4th of July Nails

I’m gonna try this but I think I will only do one nail on each hand.
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Fourth of July Fashion Inspiration from Style Me Prissy!!

If you have yet to plan your 4th of July outfit check out ‘The Prissy Mommy’ Style Me Prissy 4th of July Fashion for style inspiration. She is featured:: on “The Look” via The Pulse Network! She even wears wears a few thrifted pieces!! Go check it out!! Happy 4th.

Valentine’s Day::: DIY

I bought this little heart patch at Michael’s for less than $5 bucks.. Its an iron-on that took about 3-5 minutes to make.
I bought this plain red Cardigan from Target, it needed some V-Day flair so I ironed on the sequined heart, Worked like a Charm!! …..I also added the red gem brooch that I purchased from Goodwill (Brand New) to my hat to spruce it up a notch. When my hair is looking crazy these hats always save the day!
Happy Valentine’s Day ya’ll!!!

Martin Luther King Jr.’s Dream came true…continue to DREAM!!


“I have a Dream…..that one day little black boys and black girls will be able to join hands with little white boys and white girls as sisters and brothers.”

My students and I, 2 years ago…I miss them so much!!! ❤

“……when we allow freedom to ring, when we let it ring from every village and every hamlet, from every state and every city, we will be able to speed up that day when all of God’s children, black men and white men, Jews and Gentiles, Protestants and Catholics, will be able to join hands and sing in the words of the old Negro spiritual, “Free at last! free at last! thank God Almighty, we are free at last!”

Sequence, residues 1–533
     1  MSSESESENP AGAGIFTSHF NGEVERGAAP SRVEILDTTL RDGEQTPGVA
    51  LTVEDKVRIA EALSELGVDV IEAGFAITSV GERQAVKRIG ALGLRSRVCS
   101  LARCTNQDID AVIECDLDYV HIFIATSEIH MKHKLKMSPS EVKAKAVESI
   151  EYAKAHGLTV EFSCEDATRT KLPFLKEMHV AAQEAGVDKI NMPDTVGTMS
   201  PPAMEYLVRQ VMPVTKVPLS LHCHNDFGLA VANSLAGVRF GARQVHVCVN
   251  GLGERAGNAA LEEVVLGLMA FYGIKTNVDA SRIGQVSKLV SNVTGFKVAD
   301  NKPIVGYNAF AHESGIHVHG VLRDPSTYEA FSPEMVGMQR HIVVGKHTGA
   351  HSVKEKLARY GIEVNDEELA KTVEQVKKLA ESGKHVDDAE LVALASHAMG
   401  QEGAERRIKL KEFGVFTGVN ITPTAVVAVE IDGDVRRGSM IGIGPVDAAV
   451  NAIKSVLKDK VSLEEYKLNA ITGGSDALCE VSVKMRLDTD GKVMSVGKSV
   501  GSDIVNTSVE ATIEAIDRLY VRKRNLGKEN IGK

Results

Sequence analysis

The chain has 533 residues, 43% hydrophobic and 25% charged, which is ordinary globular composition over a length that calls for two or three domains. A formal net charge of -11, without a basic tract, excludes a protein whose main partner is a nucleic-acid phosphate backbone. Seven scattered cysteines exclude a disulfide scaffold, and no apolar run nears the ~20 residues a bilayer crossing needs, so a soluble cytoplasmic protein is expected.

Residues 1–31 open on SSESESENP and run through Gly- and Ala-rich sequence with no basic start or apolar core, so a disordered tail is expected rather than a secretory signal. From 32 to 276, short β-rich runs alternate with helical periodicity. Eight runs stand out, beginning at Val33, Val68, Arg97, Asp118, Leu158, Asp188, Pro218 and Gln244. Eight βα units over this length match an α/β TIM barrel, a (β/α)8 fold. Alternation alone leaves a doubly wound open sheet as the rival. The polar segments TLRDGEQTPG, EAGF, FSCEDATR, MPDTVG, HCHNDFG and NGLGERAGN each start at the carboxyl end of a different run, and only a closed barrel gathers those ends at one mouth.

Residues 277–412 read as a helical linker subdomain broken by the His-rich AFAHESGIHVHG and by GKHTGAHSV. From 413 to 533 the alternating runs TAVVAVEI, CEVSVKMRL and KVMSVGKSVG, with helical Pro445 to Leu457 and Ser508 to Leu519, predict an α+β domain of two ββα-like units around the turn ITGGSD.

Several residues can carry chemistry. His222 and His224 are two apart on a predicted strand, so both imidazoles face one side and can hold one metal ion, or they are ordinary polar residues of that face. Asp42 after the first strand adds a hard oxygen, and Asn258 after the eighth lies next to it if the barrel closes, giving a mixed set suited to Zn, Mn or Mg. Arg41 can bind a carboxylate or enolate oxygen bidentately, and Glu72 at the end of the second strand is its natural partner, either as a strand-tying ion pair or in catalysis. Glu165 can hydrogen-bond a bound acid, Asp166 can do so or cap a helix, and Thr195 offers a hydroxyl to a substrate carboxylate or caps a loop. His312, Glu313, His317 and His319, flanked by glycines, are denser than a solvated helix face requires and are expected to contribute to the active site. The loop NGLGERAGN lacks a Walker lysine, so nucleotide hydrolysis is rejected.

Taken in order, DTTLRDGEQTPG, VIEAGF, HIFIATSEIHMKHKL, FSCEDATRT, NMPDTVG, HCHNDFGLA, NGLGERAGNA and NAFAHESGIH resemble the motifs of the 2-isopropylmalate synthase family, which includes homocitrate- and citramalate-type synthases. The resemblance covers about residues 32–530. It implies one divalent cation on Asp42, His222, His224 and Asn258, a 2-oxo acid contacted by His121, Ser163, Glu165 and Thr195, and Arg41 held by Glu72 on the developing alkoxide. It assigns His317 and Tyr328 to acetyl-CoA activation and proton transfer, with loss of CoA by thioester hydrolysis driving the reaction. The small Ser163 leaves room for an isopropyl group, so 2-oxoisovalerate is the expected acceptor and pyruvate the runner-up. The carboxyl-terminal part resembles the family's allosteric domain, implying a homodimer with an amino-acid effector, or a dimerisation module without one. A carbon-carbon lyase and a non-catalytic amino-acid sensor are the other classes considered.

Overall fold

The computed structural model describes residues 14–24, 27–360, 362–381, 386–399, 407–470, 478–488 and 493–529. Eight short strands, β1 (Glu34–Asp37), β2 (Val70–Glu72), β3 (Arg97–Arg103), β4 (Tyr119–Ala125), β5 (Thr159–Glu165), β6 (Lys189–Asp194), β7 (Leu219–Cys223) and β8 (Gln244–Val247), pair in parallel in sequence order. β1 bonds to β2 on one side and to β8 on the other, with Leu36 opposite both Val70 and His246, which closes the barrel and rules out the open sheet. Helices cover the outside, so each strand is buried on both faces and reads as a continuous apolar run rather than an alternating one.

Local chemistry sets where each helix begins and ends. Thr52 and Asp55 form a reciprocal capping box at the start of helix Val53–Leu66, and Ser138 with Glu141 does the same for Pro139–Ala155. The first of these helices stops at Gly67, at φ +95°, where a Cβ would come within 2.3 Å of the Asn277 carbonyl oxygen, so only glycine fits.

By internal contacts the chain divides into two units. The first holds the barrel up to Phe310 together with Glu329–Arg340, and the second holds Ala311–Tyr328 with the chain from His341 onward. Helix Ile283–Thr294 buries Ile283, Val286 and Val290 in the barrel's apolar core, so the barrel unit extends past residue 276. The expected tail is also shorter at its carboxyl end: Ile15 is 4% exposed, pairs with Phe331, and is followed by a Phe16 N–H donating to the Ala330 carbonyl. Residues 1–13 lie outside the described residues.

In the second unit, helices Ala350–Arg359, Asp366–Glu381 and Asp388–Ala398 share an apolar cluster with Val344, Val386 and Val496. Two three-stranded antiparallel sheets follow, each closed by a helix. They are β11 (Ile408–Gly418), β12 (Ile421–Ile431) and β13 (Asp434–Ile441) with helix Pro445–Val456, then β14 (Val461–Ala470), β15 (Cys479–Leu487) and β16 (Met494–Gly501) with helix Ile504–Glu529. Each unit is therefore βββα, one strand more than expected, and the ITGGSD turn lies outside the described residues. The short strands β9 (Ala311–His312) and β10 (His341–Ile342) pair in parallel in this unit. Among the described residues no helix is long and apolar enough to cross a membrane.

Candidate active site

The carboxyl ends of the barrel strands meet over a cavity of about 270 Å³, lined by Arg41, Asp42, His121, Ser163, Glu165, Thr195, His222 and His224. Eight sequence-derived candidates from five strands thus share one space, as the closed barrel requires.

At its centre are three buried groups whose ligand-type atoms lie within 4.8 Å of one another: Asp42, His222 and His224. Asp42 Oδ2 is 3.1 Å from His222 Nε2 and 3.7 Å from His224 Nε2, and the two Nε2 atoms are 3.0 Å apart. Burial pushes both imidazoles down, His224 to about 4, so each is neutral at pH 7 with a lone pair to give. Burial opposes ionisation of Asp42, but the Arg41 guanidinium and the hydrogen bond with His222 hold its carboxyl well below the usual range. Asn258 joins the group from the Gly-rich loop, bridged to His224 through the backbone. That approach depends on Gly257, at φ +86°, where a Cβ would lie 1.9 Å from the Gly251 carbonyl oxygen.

Habari Gani!!! Happy Kwanzaa

Kwanzaa is a holiday that celebrates family, community and culture. December 26-Jan 1

Umoja (oo-MOH-jah): Unity
Success starts with Unity. Unity of family, community, nation and race.
Kujichagulia (koo-jee-chah-goo-LEE-ah): Self-Determination
To be responsible for ourselves. To create your own destiny.

Ujima (oo-JEE-mah): Collective work and responsibility
To build and maintain your community together. To work together to help one another within your community.

Ujamaa (oo-jah-MAH): Collective economics
To build, maintain, and support our own stores, establishments, and businesses.

Nia (NEE-ah): Purpose
To restore African American people to their traditional greatness. To be responsible to Those Who Came Before (our ancestors) and to Those Who Will Follow (our descendants).

Kuumba (koo-OOM-bah): Creativity
Using creativity and imagination to make your communities better than what you inherited.
Imani (ee-MAH-nee): Faith
——–
The Story of Kwanzaa by Donna L. Washington and Stephen Taylor, ages 6-10
Kwanzaa by Trudi Strain Truit and Ceceilia Mindin Cupp, ages 6-7
Horrible Harry and the Holidaze by Suzy Kline, ages 7-10
Kwanzaa Crafts by Carol Gnojewski, ages 8-9
A Kwanzaa Story, or How One Gentleman Found His Way by Nancy Guthorn Harrison, young adults
Kwanzaa Fun, Great Things to Make and Do by Linda Robertson, ages 5-8
My First Kwanzaa by Karen Katz, ages 3-6
Seven Spools of Thread a Kwanzaa Story by Angela Shelf Medearis, ages 7-10

If you have stories and ideas you’re willing to share about how your family celebrates Kwanzaa in an eco-friendly way, Contact Celebrate Green.

SOURCE::: http://www.celebrategreen.net/